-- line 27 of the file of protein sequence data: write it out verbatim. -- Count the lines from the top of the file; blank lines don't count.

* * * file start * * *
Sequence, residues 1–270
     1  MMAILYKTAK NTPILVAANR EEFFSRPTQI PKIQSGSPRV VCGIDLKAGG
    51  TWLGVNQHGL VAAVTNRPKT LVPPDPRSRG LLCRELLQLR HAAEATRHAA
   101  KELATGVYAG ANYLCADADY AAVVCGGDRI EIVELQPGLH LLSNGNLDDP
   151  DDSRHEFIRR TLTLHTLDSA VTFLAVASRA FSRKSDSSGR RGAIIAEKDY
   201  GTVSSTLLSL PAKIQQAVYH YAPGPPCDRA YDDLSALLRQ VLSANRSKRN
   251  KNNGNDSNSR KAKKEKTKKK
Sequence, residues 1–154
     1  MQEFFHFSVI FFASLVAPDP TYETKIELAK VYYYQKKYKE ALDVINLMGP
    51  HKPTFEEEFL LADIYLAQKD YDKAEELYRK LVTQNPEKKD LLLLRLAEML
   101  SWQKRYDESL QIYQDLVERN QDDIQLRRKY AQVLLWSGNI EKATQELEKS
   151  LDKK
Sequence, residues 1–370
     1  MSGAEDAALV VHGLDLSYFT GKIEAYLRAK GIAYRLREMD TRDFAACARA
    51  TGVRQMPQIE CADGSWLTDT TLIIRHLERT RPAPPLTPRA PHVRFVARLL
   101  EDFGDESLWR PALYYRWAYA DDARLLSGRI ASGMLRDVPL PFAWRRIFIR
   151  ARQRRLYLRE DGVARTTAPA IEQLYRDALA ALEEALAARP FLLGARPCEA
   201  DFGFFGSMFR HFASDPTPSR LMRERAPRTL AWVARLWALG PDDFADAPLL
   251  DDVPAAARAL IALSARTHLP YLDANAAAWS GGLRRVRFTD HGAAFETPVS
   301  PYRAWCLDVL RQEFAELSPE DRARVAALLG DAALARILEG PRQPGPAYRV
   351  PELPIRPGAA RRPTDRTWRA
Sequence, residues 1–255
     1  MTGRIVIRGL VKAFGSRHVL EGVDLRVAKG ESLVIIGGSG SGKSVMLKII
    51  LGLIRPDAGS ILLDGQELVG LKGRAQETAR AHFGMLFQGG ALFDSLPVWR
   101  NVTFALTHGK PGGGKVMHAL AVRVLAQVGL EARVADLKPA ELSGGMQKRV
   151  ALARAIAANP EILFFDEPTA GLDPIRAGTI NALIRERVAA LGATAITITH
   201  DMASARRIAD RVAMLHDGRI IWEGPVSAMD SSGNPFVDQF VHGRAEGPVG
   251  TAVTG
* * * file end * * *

   201  DMASARRIAD RVAMLHDGRI IWEGPVSAMD SSGNPFVDQF VHGRAEGPVG